Value Investing: how it works
One of the techniques to invest in the most profitable stocks in history is Value Investing. This technique was developed by Benjamin Graham and David Dodd in 1928 and has generated truly extraordinary results.
An example? The famous Warren Buffett, one of the richest men in the world, managed to accumulate his immense fortune starting from scratch by applying the principles of Value Investing to the letter.
In this article we explain in detail what Value Investing is, how it can be applied today and what are the limits of this technique.
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What is Value Investing, in simple words
Investing in Stocks is not complicated: unfortunately, however, there are many false gurus interested in selling low value courses that confuse beginners, presenting the stock market as a difficult market, to be dominated with arcane techniques. Obviously, these techniques are known only to them and for this reason they sell them at a high price.
In fact, we can say that there are two types of techniques for investing in the stock market:
- Value Investing
- Growth Investing
Value Investing is based on the principle that companies must be evaluated based on their tangible value and current earnings. In this case much less importance is attached to the market trend and future forecasts. These elements, on the other hand, are the basis of Growth Investing.
The basis of Value Investing is the idea that investing in shares is a real business: shares must be carefully evaluated, bought at a low price and then resold at a higher price.
In practice, doing Value Investing means trying to be immune from the irrationality of the market: you have to buy (with care and attention) when the market goes down and sell (always with care and attention) when the market goes up.
How to evaluate Stocks
Put like that, it seems to be simple and indeed it is. How do you decide if a stock has a low enough price? The inventor of Value Investing, Benjamin Graham, has developed a mathematical formula to calculate the value of a share:
√ (22,5 * Profit * Book Value)
If the price of a stock is lower than Graham’s number, then the stock is undervalued and worth buying.
These are easy calculations to do, since the data of listed companies is public. In any case, we must add that Warren Buffett, apostle of Value Investing, uses an even easier approach, of a qualitative rather than a quantitative type (we will see this later).
What do you need to do Value Investing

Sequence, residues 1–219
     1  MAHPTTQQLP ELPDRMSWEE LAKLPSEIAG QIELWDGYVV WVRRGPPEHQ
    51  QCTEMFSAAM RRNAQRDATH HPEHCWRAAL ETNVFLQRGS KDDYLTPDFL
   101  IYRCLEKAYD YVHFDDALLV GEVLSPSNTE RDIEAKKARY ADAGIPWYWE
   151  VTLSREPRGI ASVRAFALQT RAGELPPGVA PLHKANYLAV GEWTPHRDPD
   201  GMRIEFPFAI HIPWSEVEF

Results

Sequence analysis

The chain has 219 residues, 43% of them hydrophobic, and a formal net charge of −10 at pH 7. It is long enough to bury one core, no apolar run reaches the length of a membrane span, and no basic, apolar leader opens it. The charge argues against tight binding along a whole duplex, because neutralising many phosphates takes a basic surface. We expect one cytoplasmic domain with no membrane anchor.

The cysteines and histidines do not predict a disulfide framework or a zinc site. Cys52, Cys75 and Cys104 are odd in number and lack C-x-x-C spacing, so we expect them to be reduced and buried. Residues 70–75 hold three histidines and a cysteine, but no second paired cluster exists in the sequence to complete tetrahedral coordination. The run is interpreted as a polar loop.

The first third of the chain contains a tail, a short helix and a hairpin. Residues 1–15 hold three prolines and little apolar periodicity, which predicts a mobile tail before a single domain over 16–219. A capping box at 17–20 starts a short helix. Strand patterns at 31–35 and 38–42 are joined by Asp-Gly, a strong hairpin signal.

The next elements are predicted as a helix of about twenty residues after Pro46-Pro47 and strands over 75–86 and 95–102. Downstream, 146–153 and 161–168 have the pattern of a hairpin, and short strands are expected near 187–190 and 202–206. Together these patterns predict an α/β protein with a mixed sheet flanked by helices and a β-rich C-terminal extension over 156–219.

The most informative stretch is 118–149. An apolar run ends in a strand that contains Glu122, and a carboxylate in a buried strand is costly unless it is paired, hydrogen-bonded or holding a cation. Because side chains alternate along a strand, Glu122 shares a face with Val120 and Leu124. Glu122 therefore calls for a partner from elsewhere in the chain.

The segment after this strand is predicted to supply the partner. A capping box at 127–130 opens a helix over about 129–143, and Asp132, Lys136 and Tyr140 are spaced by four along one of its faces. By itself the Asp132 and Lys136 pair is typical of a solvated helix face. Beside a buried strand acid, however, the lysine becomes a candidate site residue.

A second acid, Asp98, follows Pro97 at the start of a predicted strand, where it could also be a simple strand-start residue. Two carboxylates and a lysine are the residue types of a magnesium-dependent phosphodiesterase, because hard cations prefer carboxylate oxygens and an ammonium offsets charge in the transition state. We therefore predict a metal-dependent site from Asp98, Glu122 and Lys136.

The principle behind Value Investing is all in all very simple: buy shares when prices are low and resell them when prices are high, making a good profit.
The value of the shares, this is an important point, must be calculated objectively, not with subjective illusions such as the market trend or the expectation of future profits. Among other things, expectations of future profits are always inflated to excess. Only current earnings are objective.
If the concepts behind Value Investing are so simple, why do so many investors fail when they try to apply the technique?
Failure is usually not technical but psychological: following the principles of Value Investing means buying when the price of a share falls and keeping it even if the price continues to plummet (always if the assumptions that pushed us to purchase are still true).
In short, if I bought a stock because it is convenient according to Graham’s number, I must not be frightened by a market crash. Unfortunately, many investors have an unlimited fear of losing money and therefore sell if a crash occurs.
The smart investor (according to Benjamin Graham’s definition), as we have said, buys during the collapses.
Here, what many lack to be smart investors and be successful with Value Investing is control of emotions.
Book to learn Value Investing
What is the best book for learning Value Investing? Many would rightly answer this question by Benjamin Graham’s The Intelligent Investor. In this book (from 1949) Graham exposes his theories to the general public.
Obviously, this is an outdated book (although periodically updated editions are published, the latest in July 2020) and with a rather substantial theoretical framework that could discourage novice investors who want to start investing without errors.
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Value Investing represents one of the smartest and most profitable approaches to the market. Long-term studies have shown that the returns that can be obtained are higher than those generated with other approaches (for example Growth Investing).
Those who follow Value Investing techniques decide whether to buy (or sell) not on the basis of market trends or forecasts of future profits but on the basis of concrete and measurable values such as net profit and book value.
An investment technique based on the evaluation of the effective value of the shares.
Yes, it is demonstrated by the fact that one of the most famous investors in the world, Warren Buffett, uses this technique.
The basic text is “The Intelligent Investor” by Benjamin Graham. Those interested only in the practical part can download the free ForexTB course.
Basically yes, even if we must take into account that the markets have changed in recent years.